THREE Muslims, one of them from Kent, who were linked to Al Qaeda and used the internet to incite terrorist attacks have been jailed for a total of 24 years.
Waseem Mughal, 24, of Railway Street, Chatham, Younis Tsouli, 23, and Tariq Al-Daour, 21, are the first to be prosecuted for online distribution of extremist material.
They helped set up websites and chat forums to share jihadi propaganda and encourage other computer users to fight against non-Muslims.
Mr Justice Peter Openshaw sentenced Tsouli - who used the name 'Terrorist007' - to 10 years in jail and recommended his deportation at the end of his sentence.
Mughal was jailed for seven-and-a-half years for the same charge of incitement of an act of terrorism, and Al-Daour for six and a half years.
All three were given concurrent prison terms of three-and-a-half years for conspiracy to defraud.
Tsouli, of Richmond Way, Shepherd's Bush, Al-Daour, of Queens Court, Queensway, Bayswater, Paddington, west London, and Mughal, have all pleaded guilty to incitement to commit an act of terrorism amounting to murder and conspiracy to defraud.
The other charges on the indictment, including conspiracy to murder and possessing a document or record likely to be useful to a person committing or preparing an act of terrorism will be left on file.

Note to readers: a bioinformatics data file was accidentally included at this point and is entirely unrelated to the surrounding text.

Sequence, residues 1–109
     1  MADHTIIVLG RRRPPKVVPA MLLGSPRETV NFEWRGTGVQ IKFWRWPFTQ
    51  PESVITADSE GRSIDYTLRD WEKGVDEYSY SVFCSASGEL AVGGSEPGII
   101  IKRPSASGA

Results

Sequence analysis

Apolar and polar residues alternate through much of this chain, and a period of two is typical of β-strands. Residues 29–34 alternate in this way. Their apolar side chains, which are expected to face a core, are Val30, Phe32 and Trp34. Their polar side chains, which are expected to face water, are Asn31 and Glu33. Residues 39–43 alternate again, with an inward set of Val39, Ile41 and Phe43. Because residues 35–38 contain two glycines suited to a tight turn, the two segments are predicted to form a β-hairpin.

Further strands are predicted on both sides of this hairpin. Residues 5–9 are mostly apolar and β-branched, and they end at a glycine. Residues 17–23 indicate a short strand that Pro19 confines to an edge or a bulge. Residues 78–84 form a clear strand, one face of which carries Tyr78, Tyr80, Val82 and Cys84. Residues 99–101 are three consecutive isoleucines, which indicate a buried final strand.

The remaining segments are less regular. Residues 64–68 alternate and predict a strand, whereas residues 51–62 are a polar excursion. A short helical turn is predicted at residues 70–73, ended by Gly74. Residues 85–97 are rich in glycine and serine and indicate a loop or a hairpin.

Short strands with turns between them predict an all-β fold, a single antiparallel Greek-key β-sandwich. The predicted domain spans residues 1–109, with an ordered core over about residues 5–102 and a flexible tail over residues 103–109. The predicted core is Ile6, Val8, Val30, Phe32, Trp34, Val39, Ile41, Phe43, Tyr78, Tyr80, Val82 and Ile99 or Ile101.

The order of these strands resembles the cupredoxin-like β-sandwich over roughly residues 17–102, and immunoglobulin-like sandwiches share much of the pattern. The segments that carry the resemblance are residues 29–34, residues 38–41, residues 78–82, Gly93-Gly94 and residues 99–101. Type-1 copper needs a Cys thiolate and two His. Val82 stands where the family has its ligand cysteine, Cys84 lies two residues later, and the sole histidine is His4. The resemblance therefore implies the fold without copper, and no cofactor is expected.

DAC Peter Clarke, head of the Met's Counter Terrorism Command, said: "These three men, by their own admission, were encouraging others to beome terrorists and murder innocent people.
"This is the first successful prosecution for inciting murder using the internet, showing yet again that terrorist networks are spanning the globe.
"Tsouli, Mughal and al-Daour used stolen identities, false credit card details and hidden chat room forums. Their terrorist tradecraft was sophisticated, but nevertheless defeated by this investigation.
"Detectives were faced with an enormous challenge - to decode and decipher a staggering quantity of computer data and websites. They should be justly proud of their efforts in this case."
A spokesman for Kent Police: "This is the culmination of a long investigation by the Metropolitan Police Counter Terrorism branch, with assistance from Kent Police Special Branch and other forces."
Ch Insp Roy Cottam, who headed up the Kent investigation team, said: "Officers undertook a number of searches and made a significant arrest of one of the main suspects.
"Specially trained officers were used to search and forensically examine the premises in Chatham for a period of about 48 hours. Thanks to the dedication and hard work of officers we have helped to remove someone who posed a real security threat from the streets."
Kent Police are reminding anyone concerned about suspicious behaviour or individuals to contact the Anti-terrorist Hotline on 0800 789 321.